Amateur Astronomy Under The Big Sky
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  • Telescope Class

    After our committee got together to compare schedules and all other things pertinent to holding a successful event, it was decided that it was best to hold the telescope class at another time.  We are sorry for any inconvenience.  We will keep you posted on this blog when a new date has been set.

  • Saskatchewan Summer Star Party

    Saskatchewan Summer Star Party will be held August 16-19th at Cypress Hills Inter provisional park. Contact Rick Huziak @ (306) 665-3392 or e-mail sssp.sk2sasktel.net

  • A good day of outreach

    Saturday April 21st was Astronomy Day.  The sun cooperated, we had 5 active solar regions.  Over 800 visitors came to the Museum of the Rockies to visit the booths, listen to speakers, teacher workshops, participate in solar viewing and other fun activities.  The event was on the local news and made the paper, too.  Everyday People section of the news paper on Monday had a great article.  The club used the new Sun Funnel for the first time.  What a great tool.  Members decided that they needed to make another one.  Pictures will be added soon.  Thanks to everyone who came to help with our SMAS booths, both solar and lunar.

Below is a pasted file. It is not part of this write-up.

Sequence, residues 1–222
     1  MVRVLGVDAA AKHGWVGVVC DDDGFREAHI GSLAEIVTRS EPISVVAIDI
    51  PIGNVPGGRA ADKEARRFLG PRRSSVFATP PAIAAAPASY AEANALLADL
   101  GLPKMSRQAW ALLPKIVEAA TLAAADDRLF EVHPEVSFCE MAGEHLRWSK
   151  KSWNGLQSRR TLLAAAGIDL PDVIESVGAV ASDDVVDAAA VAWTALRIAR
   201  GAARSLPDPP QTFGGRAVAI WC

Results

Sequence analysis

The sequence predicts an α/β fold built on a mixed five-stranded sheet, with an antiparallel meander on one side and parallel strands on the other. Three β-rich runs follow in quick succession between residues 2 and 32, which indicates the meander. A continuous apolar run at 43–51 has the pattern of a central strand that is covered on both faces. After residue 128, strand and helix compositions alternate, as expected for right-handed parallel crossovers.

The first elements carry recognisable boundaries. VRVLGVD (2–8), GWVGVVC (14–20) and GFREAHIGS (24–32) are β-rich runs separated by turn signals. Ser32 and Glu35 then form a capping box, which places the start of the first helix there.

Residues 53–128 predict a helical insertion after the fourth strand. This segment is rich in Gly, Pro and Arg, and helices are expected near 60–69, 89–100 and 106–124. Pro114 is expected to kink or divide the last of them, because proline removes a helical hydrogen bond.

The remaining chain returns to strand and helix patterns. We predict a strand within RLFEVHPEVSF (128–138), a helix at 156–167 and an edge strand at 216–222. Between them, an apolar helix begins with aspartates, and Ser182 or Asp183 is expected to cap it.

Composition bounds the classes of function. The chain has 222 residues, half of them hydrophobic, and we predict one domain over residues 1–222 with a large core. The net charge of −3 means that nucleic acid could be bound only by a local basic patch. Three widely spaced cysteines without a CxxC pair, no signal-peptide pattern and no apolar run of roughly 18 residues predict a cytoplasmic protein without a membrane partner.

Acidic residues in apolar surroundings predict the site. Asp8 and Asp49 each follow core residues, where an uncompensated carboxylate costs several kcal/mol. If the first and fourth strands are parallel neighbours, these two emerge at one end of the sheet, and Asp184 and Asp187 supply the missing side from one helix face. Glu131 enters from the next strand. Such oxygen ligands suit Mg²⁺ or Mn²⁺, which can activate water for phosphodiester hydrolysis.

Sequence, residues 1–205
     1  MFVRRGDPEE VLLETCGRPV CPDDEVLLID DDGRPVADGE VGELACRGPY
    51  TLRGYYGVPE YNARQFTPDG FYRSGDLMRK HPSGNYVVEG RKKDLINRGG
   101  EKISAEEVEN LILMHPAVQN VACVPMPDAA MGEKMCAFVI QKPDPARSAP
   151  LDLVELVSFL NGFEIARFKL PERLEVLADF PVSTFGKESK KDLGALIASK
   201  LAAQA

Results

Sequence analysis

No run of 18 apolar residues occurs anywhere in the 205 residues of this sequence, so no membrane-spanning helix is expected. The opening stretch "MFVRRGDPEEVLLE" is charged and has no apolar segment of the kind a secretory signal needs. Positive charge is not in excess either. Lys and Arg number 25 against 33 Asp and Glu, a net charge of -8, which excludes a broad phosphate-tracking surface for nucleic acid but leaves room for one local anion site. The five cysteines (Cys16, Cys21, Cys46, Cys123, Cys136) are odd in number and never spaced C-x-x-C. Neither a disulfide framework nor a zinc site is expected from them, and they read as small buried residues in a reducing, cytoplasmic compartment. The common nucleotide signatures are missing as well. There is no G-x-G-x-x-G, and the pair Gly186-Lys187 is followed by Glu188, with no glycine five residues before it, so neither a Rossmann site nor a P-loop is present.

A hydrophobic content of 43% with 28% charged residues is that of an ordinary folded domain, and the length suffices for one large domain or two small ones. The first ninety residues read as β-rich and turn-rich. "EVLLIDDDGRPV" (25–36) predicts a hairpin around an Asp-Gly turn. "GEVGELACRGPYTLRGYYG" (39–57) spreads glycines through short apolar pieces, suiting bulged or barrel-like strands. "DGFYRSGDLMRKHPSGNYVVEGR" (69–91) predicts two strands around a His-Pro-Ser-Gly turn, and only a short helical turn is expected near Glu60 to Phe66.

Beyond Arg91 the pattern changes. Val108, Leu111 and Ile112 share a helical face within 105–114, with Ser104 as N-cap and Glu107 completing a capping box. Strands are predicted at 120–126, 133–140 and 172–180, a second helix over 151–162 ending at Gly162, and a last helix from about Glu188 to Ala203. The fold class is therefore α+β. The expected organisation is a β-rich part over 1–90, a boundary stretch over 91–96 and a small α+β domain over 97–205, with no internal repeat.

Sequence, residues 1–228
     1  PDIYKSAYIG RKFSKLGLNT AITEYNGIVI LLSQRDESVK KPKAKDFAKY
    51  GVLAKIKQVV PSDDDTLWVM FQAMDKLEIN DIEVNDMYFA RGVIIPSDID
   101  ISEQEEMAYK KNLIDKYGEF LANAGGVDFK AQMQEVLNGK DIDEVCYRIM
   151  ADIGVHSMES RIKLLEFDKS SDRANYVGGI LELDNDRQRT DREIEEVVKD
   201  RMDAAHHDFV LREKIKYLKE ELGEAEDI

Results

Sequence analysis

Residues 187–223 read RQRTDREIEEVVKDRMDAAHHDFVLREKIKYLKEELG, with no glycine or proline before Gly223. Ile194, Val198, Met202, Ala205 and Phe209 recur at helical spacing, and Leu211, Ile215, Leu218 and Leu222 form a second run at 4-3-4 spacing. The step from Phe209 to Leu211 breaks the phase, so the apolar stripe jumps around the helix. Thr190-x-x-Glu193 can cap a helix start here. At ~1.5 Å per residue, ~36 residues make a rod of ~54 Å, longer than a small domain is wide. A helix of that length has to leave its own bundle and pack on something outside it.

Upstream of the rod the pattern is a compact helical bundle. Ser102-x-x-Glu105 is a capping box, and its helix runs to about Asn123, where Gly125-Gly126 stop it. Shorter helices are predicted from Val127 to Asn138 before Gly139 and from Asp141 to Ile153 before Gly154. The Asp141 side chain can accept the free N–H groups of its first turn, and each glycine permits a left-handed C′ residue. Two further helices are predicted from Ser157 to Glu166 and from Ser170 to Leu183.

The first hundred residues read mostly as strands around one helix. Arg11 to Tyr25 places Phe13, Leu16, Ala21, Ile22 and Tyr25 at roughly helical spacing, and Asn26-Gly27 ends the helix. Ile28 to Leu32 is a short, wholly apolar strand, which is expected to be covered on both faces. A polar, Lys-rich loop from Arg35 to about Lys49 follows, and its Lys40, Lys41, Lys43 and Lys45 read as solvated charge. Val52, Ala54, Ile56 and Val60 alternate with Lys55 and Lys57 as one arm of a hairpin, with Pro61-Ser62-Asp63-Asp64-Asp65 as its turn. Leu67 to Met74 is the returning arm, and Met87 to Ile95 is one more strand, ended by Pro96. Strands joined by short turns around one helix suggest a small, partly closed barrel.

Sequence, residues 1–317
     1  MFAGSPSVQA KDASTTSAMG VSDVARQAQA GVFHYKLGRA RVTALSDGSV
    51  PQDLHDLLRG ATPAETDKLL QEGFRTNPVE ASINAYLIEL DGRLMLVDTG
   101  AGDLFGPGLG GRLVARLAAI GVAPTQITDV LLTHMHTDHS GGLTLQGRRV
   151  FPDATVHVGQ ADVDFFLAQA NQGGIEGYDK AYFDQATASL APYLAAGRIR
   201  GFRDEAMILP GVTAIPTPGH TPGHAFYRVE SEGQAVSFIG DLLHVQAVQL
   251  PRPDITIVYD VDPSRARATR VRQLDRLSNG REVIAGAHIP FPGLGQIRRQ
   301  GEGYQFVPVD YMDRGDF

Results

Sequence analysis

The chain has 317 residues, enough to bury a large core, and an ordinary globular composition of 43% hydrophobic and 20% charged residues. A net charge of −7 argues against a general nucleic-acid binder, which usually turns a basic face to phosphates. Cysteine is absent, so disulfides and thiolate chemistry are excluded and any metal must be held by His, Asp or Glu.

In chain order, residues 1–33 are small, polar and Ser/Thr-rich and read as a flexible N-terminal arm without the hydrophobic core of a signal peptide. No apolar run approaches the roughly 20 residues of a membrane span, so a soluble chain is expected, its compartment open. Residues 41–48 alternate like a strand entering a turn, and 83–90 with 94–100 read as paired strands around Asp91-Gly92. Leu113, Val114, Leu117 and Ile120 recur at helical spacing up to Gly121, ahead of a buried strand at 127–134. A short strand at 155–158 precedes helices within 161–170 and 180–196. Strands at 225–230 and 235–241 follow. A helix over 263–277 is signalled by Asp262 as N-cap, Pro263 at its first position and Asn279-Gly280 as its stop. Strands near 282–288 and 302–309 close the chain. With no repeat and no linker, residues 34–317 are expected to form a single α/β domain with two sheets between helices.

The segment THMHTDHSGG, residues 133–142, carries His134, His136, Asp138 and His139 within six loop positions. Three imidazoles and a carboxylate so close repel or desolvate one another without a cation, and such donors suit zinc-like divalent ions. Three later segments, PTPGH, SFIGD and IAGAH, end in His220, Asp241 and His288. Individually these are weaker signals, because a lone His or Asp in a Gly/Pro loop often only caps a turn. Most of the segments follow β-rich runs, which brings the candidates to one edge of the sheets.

Our next event is a SMAS member pot luck on April 28th, where we will get first light on the refurbished 12″ scope.

  • Summer Star Party Dates

    We have several dates set for star/solar viewing opportunities this coming summer.

    Annular Solar Eclipse viewing – May 20, 2012

    Transit of Venus viewing – June 5, 2012 (next one will be 2117)

    Stars over Bozeman – June 16, July 14, August 11, 2012

    Stars over Yellowstone – June 22/23, July 20/21, August 17/18

    Ruby Valley Star Party – August 16-19

    Lunch on the Lawn @ the Emerson solar viewing (dates to come)

  • Astronomy Day 2012

      Saturday April 21, 2012 at the Museum of the Rockies, join us for Astronomy Day.  The committee is working hard on putting together another fun event this year.  Dr. David Levy, founder of several comets, is scheduled to be our guest speaker.  Activities, teacher classes, exhibits and solar viewing are also on the schedule.  More information will be posted as we get closer to the event.  This event is free and open to the public.

  • March – Winter Lecture Series

    Join us for our March Winter Lecture by one of our club members – Ivy Merriot, free and open to the public. Hagar Auditorium at the Museum of the Rockies, short SMAS club meeting following the lecture.

    March 30, 2012: Archaeoastronomy of the Big Horn Medicine Wheel – Ivy Merriot